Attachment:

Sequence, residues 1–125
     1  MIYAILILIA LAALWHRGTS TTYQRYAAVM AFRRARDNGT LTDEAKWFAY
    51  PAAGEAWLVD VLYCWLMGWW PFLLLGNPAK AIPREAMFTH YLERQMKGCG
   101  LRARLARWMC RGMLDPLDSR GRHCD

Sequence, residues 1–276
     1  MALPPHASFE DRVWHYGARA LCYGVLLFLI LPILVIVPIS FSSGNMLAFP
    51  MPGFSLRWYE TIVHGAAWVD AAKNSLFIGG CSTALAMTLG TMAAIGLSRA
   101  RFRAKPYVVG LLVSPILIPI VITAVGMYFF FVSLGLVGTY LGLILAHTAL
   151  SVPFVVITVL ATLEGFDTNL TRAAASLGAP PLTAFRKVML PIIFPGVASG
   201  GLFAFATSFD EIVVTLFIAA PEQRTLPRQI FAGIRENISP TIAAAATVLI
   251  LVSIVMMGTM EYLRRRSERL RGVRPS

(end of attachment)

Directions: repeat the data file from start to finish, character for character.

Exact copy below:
Sequence, residues 1–125
     1  MIYAILILIA LAALWHRGTS TTYQRYAAVM AFRRARDNGT LTDEAKWFAY
    51  PAAGEAWLVD VLYCWLMGWW PFLLLGNPAK AIPREAMFTH YLERQMKGCG
   101  LRARLARWMC RGMLDPLDSR GRHCD

Sequence, residues 1–276
     1  MALPPHASFE DRVWHYGARA LCYGVLLFLI LPILVIVPIS FSSGNMLAFP
    51  MPGFSLRWYE TIVHGAAWVD AAKNSLFIGG CSTALAMTLG TMAAIGLSRA
   101  RFRAKPYVVG LLVSPILIPI VITAVGMYFF FVSLGLVGTY LGLILAHTAL
   151  SVPFVVITVL ATLEGFDTNL TRAAASLGAP PLTAFRKVML PIIFPGVASG
   201  GLFAFATSFD EIVVTLFIAA PEQRTLPRQI FAGIRENISP TIAAAATVLI
   251  LVSIVMMGTM EYLRRRSERL RGVRPS